This is the sort of book to read when your own family gets too much and we all know that season is fast approaching!
There is a knock at Cat Winter’s door in the middle of the night, going through the possibilities of which family member has had a disaster requiring such an action Cat is wrong-footed when she realises the young child, about the same age as her own daughter Freya, who stands pale and unspeaking, is actually her husband Tom’s daughter. Yes, not the news you really want especially as Ruby’s mother has been found dead and there is no-one else to take her.
Firstly I’m so pleased that the author has a sense of humour about this scenario.
As Tom spoke I couldn’t help thinking just how bloody old and worn and unoriginal the story sounded, a clapped-out tale of a faithless husband led on by some mysterious femme fatale. If you saw it on TV, you’d reach for the remote. This wasn’t us. This wasn’t who we were meant to be. So how was it that it was what we had become?
Her assurance that this was a somewhat overused storyline led me to believe that there was far more on offer, and boy there was. Ruby is a beautiful child but Cat simply can’t relate to her and becomes increasingly anxious about the way she interacts with Freya. This might sound overly dramatic but we know that Cat had some illness that led her to be admitted to a psych ward during her pregnancy so that explains part of her anxiety, the other part is explained by the work Cat does as child psychologist with damaged children, she’s seen the worst that they offer and fears poor Ruby has some kind of personality disorder.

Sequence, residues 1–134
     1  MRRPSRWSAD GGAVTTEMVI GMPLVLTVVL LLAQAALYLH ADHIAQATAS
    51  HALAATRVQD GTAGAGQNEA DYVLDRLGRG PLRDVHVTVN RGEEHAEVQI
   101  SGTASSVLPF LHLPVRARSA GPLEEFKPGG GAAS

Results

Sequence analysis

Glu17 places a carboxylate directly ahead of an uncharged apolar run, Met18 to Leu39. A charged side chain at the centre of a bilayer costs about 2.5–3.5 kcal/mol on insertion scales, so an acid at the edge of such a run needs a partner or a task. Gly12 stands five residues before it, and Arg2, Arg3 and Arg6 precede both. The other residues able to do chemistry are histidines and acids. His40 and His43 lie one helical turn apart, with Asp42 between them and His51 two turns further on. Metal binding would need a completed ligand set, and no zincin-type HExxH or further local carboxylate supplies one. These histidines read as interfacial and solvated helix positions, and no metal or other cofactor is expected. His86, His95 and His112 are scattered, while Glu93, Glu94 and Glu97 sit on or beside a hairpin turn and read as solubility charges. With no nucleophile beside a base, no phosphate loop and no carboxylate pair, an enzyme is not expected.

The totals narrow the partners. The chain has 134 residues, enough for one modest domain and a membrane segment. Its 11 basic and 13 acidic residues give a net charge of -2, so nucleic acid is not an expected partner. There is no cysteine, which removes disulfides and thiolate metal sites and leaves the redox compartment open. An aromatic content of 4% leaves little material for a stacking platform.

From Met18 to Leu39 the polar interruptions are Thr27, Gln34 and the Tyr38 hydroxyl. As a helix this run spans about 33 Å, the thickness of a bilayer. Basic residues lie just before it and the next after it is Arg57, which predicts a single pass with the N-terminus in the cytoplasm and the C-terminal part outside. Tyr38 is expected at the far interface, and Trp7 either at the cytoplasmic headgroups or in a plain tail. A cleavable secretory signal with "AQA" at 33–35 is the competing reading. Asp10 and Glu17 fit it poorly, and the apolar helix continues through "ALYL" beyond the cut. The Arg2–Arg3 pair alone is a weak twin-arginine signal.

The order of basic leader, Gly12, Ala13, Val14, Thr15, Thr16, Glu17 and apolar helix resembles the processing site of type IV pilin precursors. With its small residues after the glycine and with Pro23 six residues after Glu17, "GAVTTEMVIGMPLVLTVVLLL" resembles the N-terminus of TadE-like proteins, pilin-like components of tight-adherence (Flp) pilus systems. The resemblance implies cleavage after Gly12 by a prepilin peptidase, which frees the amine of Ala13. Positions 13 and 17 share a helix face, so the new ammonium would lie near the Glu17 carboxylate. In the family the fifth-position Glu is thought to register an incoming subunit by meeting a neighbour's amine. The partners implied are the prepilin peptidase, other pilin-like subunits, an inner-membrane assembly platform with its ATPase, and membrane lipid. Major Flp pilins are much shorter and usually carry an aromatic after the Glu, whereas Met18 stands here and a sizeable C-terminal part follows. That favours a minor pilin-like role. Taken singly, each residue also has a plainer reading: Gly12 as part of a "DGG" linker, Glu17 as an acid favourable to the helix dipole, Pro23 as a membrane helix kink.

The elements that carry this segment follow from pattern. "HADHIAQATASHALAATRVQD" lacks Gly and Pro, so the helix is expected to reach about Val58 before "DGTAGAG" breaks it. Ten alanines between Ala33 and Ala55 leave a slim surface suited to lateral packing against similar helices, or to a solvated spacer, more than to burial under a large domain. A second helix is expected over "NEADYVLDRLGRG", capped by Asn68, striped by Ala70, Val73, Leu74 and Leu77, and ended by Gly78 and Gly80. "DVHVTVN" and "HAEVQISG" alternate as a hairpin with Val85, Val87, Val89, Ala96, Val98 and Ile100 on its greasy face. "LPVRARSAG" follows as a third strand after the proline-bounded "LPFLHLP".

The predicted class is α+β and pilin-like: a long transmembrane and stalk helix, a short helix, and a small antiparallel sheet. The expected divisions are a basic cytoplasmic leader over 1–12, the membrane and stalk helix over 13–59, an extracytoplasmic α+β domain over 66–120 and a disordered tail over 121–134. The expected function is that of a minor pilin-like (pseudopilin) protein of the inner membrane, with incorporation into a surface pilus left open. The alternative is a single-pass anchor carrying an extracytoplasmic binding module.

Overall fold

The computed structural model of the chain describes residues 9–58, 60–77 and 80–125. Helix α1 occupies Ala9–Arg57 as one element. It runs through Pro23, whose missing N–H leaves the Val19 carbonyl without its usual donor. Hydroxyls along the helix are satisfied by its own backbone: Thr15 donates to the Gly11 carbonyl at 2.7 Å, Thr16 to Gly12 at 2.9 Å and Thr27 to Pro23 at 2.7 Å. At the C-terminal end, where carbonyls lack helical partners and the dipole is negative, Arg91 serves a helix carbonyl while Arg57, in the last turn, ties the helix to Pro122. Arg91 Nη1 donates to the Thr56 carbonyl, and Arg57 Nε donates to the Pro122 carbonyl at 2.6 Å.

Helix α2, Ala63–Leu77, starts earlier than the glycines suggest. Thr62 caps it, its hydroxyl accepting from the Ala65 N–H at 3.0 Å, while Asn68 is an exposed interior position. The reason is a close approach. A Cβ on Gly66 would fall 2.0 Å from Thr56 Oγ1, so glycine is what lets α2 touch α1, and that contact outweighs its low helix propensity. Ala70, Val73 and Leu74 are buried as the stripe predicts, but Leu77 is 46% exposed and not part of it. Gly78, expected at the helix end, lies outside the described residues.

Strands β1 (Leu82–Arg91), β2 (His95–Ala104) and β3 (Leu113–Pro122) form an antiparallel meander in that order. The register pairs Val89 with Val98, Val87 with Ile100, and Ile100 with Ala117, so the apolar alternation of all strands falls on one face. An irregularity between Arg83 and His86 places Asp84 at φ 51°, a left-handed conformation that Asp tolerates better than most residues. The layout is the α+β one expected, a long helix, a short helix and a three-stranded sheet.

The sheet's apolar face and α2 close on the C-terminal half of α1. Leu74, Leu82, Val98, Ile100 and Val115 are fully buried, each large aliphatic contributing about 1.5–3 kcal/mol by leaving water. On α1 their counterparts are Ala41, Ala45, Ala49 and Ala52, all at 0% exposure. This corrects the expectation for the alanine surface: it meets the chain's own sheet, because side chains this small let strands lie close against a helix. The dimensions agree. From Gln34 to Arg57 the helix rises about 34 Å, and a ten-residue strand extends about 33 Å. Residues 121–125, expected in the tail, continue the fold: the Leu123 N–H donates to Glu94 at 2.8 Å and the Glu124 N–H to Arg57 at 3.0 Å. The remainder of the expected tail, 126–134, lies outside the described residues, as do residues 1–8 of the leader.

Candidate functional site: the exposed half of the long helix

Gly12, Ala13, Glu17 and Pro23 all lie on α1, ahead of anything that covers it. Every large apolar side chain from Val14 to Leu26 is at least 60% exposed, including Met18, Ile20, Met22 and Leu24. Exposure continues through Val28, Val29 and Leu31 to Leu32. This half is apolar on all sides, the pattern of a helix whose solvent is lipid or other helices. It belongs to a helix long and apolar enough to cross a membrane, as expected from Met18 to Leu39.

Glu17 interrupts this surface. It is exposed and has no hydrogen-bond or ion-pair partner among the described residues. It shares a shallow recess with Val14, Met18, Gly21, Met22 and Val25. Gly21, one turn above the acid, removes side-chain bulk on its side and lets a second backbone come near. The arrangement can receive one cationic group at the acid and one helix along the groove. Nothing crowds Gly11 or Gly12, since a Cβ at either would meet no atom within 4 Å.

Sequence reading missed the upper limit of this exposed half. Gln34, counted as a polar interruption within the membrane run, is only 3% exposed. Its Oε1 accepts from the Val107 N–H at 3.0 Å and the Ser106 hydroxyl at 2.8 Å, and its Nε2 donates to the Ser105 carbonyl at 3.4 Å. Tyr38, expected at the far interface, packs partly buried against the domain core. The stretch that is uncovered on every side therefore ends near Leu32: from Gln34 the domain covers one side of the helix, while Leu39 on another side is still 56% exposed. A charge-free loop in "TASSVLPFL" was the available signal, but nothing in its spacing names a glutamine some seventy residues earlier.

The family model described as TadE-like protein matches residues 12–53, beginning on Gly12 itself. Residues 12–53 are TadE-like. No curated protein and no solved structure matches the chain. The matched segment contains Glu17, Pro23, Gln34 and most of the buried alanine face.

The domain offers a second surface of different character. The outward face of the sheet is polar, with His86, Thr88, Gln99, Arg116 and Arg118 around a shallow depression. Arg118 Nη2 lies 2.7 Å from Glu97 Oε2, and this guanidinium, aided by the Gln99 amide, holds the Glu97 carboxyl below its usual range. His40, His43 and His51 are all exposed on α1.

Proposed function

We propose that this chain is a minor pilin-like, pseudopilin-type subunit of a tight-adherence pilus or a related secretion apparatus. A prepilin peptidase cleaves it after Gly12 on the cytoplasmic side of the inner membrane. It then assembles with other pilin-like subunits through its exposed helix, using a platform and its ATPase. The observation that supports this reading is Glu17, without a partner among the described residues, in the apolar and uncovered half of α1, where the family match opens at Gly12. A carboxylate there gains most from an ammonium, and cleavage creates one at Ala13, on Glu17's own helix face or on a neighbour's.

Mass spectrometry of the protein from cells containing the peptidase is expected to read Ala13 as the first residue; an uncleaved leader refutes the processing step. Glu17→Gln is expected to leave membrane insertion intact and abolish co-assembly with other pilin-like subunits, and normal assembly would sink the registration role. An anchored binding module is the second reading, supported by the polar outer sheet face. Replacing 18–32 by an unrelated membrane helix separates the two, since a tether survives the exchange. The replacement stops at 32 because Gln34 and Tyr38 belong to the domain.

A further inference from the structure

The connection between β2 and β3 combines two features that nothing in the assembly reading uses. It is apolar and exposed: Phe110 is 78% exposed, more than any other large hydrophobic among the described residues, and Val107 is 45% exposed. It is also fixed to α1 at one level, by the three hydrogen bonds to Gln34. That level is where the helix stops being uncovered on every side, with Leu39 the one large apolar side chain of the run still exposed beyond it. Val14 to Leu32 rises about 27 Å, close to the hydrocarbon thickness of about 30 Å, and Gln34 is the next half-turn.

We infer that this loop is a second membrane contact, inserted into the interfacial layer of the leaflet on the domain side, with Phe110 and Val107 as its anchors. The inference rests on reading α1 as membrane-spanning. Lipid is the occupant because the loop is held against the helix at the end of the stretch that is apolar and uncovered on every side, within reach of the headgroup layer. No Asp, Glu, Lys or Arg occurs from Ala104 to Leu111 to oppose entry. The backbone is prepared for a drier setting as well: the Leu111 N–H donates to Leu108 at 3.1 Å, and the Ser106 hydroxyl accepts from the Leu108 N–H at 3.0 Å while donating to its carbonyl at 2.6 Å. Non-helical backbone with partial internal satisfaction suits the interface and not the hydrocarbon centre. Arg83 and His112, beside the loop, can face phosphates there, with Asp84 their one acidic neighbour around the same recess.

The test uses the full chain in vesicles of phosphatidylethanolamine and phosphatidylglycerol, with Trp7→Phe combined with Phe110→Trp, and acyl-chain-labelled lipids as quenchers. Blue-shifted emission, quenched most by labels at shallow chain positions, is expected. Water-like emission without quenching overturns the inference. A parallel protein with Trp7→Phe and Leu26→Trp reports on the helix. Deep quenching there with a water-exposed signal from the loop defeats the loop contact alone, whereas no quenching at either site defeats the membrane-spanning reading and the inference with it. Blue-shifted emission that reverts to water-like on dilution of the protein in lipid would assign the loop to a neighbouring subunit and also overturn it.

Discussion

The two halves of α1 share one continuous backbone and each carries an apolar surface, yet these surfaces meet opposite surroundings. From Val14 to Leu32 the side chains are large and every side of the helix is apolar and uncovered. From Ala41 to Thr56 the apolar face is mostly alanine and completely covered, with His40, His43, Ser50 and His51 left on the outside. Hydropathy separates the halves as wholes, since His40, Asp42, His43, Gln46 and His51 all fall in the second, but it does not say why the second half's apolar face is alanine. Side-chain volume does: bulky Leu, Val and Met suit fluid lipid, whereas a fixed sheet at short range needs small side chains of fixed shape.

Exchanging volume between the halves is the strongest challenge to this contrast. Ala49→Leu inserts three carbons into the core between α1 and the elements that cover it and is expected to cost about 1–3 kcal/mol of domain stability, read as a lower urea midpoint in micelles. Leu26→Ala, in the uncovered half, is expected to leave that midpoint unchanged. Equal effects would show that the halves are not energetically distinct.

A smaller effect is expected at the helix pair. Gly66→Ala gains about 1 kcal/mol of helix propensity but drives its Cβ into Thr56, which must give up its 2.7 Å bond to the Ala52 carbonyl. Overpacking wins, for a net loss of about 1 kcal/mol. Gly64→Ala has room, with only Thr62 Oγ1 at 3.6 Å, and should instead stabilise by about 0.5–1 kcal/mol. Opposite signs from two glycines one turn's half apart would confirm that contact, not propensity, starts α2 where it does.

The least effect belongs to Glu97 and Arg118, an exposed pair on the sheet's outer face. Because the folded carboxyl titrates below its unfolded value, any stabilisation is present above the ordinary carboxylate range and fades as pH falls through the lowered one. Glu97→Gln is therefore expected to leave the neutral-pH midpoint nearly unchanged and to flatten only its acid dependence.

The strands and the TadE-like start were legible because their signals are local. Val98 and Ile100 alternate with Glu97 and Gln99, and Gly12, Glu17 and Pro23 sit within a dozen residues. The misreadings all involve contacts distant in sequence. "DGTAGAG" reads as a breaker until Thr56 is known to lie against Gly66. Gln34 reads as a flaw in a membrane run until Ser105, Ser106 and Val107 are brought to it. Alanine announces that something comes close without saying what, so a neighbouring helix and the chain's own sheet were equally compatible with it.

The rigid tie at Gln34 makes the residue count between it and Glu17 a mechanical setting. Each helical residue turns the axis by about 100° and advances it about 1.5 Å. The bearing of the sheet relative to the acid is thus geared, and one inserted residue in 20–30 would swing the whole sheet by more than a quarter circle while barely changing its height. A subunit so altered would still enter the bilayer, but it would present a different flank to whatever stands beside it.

Tom Winter I quickly surmised was not the man you’d want by your side when dealing with life’s daily battles and since he seems to protect Ruby at Freya’s expense the tension in the book quickly mounts and battle lines are firmly drawn.
This is one of those books that you settle down to and enjoy the ride, I don’t usually like the children in my fiction, certainly not ones who are yet to reach their teens reeking of malevolence, but Ruby does but her actions are enacted relatively subtlety and in a way that is age-appropriate which made it all a bit easier to swallow. With new revelations or more the pieces fitting together as Cat digs deep to find out where all the secrets are buried whilst simultaneously trying to keep her own daughter out of Ruby’s clutches this is a fast-paced read.
Although this book begs the question ‘What would I do?’ I didn’t feel with this one that I could realistically enter the game because in my world Tom would pack his and his daughter’s bags and go and deal with whatever seeds he had sown (literally) on his own but that didn’t stop this being a very entertaining way to spend a cold and wintery day.
I was fortunate enough to receive a proof copy of Give Me the Child from the publishers HQ and this unbiased review is my thanks to them.